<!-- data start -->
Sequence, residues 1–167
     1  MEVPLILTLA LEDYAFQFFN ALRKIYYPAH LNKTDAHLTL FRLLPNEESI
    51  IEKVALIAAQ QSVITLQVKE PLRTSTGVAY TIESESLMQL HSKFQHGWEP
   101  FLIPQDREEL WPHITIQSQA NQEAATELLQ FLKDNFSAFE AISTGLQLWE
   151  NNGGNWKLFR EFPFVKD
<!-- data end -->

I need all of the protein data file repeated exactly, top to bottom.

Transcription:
Sequence, residues 1–167
     1  MEVPLILTLA LEDYAFQFFN ALRKIYYPAH LNKTDAHLTL FRLLPNEESI
    51  IEKVALIAAQ QSVITLQVKE PLRTSTGVAY TIESESLMQL HSKFQHGWEP
   101  FLIPQDREEL WPHITIQSQA NQEAATELLQ FLKDNFSAFE AISTGLQLWE
   151  NNGGNWKLFR EFPFVKD